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DOJ to meet with families of Boeing victims as decision closes on if company violated prosecution deal



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The Department of Justice (DOJ) has sent a letter to the families of victims of two fatal Boeing 737 Max crashes, looking to meet with them as it decides if the company violated a deal that allowed it to get out of criminal prosecution over the crashes.

The letter, obtained and reported by ABC News, was sent by the DOJ’s fraud section, and asked families of the victims to attend a May 31 meeting where they will be informed of the department’s decision.

Boeing has experienced increased scrutiny after a series of safety mishaps this year, which halted progress it was making recovering after the two deadly crashes in 2018 and 2019. The incidents have put a spotlight on the company culture, safety and manufacturing.

In April, about a dozen relatives of passengers who died in the Ethiopian Airlines crash in 2019, met with officials in Washington, where they asked them to revive a criminal fraud charge against Boeing to determine the company violated the terms of a 2021 settlement.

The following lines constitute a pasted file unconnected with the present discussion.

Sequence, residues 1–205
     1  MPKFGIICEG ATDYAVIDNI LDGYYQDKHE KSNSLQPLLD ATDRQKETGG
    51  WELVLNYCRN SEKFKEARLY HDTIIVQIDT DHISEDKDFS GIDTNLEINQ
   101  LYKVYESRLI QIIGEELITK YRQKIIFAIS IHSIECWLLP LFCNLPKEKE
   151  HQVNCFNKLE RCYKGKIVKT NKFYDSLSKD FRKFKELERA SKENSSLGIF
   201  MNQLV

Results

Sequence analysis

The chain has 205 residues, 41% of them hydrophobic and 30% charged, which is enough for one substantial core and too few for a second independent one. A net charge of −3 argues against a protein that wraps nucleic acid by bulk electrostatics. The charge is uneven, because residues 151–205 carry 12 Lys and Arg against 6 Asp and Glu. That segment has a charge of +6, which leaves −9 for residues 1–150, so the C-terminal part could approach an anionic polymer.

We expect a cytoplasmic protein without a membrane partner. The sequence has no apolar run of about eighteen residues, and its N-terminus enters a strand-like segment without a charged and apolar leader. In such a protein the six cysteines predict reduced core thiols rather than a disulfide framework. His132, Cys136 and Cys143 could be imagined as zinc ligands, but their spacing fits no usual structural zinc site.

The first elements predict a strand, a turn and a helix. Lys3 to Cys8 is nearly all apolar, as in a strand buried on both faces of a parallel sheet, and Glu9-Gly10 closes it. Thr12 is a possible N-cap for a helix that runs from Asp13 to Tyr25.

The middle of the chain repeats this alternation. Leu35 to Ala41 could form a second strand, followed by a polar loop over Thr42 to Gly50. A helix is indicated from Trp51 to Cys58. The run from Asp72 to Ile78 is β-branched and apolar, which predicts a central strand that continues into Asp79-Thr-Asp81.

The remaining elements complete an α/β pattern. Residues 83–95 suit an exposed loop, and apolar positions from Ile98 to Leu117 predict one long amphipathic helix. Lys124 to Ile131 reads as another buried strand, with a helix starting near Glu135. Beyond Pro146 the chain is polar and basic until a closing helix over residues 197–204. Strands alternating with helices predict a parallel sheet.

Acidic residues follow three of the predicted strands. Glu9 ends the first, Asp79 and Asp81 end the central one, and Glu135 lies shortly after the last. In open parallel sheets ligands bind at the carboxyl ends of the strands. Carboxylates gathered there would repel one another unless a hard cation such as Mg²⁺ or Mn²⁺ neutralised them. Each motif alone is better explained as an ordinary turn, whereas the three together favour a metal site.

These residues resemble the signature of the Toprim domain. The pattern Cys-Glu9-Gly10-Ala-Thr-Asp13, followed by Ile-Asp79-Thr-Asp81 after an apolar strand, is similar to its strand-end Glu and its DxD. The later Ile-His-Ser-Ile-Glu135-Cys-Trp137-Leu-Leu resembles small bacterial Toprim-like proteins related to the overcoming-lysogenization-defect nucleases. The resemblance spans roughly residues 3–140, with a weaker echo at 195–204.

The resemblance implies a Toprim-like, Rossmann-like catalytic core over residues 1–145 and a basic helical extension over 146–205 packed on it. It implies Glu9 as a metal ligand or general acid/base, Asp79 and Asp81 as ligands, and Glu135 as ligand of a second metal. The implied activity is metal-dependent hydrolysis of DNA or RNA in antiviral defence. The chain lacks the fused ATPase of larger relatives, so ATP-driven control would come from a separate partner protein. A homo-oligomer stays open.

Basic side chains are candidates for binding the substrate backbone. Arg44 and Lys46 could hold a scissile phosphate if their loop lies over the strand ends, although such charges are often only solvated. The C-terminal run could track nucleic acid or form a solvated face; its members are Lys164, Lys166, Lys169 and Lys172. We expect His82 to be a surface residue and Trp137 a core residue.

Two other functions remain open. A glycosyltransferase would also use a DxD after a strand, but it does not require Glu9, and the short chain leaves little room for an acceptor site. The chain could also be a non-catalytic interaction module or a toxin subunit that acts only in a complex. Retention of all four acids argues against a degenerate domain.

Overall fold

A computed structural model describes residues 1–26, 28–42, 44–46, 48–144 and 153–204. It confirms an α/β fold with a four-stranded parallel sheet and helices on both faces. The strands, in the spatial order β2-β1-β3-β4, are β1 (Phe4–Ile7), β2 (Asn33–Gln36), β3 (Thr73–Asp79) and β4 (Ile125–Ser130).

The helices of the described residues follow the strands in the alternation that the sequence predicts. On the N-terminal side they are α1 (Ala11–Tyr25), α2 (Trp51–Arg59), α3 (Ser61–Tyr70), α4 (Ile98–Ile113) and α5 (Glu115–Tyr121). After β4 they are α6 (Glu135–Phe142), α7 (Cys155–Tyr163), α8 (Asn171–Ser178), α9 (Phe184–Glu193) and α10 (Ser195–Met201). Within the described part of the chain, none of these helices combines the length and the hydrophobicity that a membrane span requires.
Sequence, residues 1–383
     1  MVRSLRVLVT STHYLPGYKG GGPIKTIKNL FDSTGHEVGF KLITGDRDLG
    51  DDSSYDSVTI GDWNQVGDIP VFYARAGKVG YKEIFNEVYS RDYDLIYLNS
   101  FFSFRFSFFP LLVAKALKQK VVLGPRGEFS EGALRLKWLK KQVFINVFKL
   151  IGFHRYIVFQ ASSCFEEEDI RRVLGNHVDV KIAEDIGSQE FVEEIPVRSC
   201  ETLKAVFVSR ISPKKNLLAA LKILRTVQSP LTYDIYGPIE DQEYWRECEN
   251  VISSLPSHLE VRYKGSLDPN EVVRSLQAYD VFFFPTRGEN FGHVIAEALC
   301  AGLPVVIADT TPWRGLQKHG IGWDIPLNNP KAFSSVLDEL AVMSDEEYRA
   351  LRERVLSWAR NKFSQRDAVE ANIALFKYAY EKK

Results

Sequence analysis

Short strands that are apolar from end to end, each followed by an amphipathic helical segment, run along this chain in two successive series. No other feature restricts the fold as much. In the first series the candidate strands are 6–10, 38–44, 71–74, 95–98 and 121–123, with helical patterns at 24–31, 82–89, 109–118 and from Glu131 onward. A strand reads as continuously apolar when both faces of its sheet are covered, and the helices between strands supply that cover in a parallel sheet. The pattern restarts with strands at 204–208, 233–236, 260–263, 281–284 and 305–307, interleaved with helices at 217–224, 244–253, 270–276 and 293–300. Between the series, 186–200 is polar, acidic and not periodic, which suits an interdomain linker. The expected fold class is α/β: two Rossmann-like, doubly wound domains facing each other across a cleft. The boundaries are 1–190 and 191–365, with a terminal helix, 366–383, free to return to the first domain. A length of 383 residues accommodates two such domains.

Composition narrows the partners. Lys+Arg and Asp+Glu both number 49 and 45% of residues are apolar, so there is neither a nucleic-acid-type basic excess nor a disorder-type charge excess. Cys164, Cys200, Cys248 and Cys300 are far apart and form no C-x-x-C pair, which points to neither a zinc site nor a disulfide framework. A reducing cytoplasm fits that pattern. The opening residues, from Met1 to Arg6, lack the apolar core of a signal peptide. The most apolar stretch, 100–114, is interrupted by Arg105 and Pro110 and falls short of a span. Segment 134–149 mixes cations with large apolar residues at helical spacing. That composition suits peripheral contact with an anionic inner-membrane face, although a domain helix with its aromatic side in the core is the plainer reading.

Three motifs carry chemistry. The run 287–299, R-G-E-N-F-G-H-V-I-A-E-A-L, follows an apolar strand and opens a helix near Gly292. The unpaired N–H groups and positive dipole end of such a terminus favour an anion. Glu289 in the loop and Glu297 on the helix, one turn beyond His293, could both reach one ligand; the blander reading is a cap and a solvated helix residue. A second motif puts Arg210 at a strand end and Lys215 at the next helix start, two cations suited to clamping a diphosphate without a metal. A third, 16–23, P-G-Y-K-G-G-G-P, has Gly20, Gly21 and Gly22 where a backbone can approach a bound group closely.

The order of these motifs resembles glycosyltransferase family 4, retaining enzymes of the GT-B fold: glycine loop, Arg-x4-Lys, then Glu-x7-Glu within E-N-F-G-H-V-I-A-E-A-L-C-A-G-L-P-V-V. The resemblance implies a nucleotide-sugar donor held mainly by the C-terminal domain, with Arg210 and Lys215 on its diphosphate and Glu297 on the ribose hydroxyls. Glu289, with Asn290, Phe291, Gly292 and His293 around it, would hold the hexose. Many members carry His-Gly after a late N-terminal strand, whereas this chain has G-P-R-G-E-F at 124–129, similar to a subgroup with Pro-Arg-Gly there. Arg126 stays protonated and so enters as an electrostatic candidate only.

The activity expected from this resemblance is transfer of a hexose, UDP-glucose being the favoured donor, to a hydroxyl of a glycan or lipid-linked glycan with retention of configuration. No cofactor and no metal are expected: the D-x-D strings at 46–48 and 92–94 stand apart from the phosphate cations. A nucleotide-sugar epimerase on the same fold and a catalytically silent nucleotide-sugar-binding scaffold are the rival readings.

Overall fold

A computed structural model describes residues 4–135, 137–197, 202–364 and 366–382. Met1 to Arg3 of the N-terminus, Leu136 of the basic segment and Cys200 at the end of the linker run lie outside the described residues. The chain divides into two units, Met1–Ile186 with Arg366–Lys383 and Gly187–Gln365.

The agreement meant Boeing would continue cooperation with the government, disclose any allegations of fraud and avoid committing any felony offenses. If the DOJ believes the company has violated the agreement, it would make way for a historic criminal prosecution that would likely have industry-wide impacts.

“The DOJ has been very nontransparent in disclosing to the families how they are going about making the determination of compliance or breach,” Robert Clifford, a lawyer representing families, according to ABC. “This has been a very disappointing feature of the department’s contact and communication with the families. But, in fairness to the department, prosecutors seldom discuss the details of their investigations, so this is not out of the ordinary.”

The DOJ has invited the families of victims to meet with attorneys from the fraud section for seven hours at the end of the month and will be told the department’s decision and “potential next steps.” Their input and views will be heard as well, ABC reported.

The Hill has reached out the DOJ for comment. Boeing did not comment.



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